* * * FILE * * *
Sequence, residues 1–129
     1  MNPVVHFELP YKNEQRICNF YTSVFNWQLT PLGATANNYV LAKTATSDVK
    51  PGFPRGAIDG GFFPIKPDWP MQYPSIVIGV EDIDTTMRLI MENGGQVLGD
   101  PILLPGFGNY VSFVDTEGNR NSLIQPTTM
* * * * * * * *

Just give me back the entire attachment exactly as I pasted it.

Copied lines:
Sequence, residues 1–129
     1  MNPVVHFELP YKNEQRICNF YTSVFNWQLT PLGATANNYV LAKTATSDVK
    51  PGFPRGAIDG GFFPIKPDWP MQYPSIVIGV EDIDTTMRLI MENGGQVLGD
   101  PILLPGFGNY VSFVDTEGNR NSLIQPTTM